At a recent meeting Jim Franklin, GSC's chief scientist, revealed that GSC is seeking to stabilize funding/logistical support available to University Researchers through PCSP at about $800,000 per year. This will be accomplished in part by charging logistical support back to GSC projects and the projects of other government agencies.

Olav Slaymaker

Interim report of the task force on promotion of geomorphology. The following is a summary of responses received to date by the committee. It is in no sense final and suggestions for additions or subtractions should be sent


1. Geomorphology as the science of landforms: a) focuses on the interface between lithosphere, hydrosphere, biosphere,atmosphere and society; b) provides systematic landform classification; c) provides regional inventories of landforms and landform associations; d) provides understanding of landform process-response systems and the functional interaction of their components; e) provides understanding of strength of materials, both unconsolidated regolith and bedrock, insofar as their resistance influences the nature and rate of landform change; f) provides knowledge about the effects of system input changes(such as crustal movements, changes in climate and in land use activities) and their effect upon the evolution and present-day a pearance of landforms.

2.Geomorphology as a contribution to major contemporary and social political questions; a) the internationalism of knowledge.There is increasingly free flow of intellectual property and ideas across national and international boundaries. Geomorphology participates in this process in the "normal" scientific way through international journals, exchanges of faculty and graduate students and in the fostering of associations such as the IAG. Less conventional ways include: electronic communication-via e-mail, fax networks, and the Internet- and active involvement ininternational programmes, both research and entrepreneurial; b) the information age revolution: The Information Age places emphasis on spatial data; its acquisition, electronic processing, display via Geographic Information Systems, interpretation,communication to as many interested parties as possible and, importantly, using the foregoing to take action to mitigate environmental problems. Such developments have allowed the eomorphologist to communicate information about morphology and environmental change to decision-makers whether politicians, planners or managers; c) Fitness of Planet Earth: In the face of increasing population densities and more powerful earth-moving machinery, a heightened sensitivity to the need for stewardship of the environment is a major social force in out time. The processes of environmental change unleashed by humans are now cumulatively and globally of greater magnitude than the biogeophysical processes. Global environmental change at all spatial scales, is now of absorbing interest, and the geomorphologist is in demand as an interpreter of that change; d) Sustainability: Since the appearance of the Brundland Commission Report (1987), much national and international policy has been couched in terms of sustainability. Although there is incomplete agreement on the meaning of the term, the following five dimensions are included as ingredients necessary to the survival of a system: 1) increased understanding of the functioning of thes ystem; 2) priority given to the solution of problems that are socially relevant; 3) preservation of a full range of options, for present and future generations; 4) genuine concern for equity and ethical practice; and 5) flexibility, with sensitivity to policy and institutional change. The sustainability of geomorphology will presumably be improved by: defining one or more central organizing concepts; developing our discipline as an environmental and earth science system; increasing our problem focus; and expressing deeper interest in public policy.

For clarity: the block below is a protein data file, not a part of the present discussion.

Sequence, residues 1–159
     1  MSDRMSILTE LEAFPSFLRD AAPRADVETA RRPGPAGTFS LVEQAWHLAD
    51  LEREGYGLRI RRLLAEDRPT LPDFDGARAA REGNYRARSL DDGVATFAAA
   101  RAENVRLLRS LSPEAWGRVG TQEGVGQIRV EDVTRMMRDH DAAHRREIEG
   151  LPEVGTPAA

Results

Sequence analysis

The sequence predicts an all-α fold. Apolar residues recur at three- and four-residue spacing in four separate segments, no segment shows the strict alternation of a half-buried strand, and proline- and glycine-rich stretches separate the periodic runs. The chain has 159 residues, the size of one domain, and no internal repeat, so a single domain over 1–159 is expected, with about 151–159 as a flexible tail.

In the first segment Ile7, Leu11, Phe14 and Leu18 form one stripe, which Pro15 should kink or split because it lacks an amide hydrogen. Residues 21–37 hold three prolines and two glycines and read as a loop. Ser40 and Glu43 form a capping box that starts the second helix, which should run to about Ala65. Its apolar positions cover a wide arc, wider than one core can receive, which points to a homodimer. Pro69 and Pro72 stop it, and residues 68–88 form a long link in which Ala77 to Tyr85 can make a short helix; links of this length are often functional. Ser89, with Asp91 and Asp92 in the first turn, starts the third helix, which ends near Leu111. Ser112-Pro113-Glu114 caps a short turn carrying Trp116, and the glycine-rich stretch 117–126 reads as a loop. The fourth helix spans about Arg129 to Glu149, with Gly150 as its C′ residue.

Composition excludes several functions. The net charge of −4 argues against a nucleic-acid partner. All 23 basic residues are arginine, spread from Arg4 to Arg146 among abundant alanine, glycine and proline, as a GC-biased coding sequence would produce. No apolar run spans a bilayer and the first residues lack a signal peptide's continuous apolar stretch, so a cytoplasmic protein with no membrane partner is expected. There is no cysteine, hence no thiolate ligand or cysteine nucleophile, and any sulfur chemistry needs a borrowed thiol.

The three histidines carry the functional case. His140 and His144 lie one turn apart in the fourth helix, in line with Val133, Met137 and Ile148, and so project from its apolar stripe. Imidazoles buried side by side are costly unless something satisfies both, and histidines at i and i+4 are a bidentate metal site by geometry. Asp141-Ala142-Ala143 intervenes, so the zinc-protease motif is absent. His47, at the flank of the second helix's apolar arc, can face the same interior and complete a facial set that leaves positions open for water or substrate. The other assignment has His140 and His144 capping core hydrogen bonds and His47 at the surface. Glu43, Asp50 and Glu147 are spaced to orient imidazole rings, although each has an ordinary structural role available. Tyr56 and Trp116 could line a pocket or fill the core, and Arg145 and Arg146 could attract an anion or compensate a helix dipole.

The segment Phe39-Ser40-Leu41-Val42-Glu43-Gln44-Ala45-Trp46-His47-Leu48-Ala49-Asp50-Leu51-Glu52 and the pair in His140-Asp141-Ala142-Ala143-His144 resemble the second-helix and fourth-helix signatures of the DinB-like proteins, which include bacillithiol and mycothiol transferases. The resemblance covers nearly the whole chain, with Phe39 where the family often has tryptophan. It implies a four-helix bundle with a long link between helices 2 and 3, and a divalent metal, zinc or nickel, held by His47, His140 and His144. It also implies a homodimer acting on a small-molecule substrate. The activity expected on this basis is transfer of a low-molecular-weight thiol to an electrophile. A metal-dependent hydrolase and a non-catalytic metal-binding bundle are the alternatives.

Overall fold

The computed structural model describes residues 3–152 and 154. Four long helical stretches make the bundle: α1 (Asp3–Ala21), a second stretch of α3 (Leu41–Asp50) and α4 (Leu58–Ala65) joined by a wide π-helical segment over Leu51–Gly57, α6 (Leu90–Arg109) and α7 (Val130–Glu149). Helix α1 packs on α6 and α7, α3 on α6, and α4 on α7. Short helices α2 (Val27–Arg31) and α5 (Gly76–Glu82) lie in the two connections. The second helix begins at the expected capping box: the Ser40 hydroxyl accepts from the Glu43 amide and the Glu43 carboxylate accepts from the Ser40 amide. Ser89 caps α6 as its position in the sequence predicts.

After feedback on Section A of this report, the IA. taskforce recommends the following actions:

1. Identify target audiences and re-word for each audience our agreed statement on geomorphology.

2. Develop documentary films, exhibitions, press conferences, articles for the print media, and radio and TV i terviews;

3. Emphasize the value of geomorphology as a useful science worth distinguishing from geology and geography, but nevertheless strongly attached to those disciplines, and as a member of the earth and environmental science family;

4. Encourage the production of high quality books, both popular and scholarly.


The CGRG welcomes contributions to future newsletters from any of our members. These should be of interest to the Canadian geomorphology community and could include discussions, commentaries, reviews and announcements of future meetings or workshops. Please forward your contributions to Bernard Lauriol or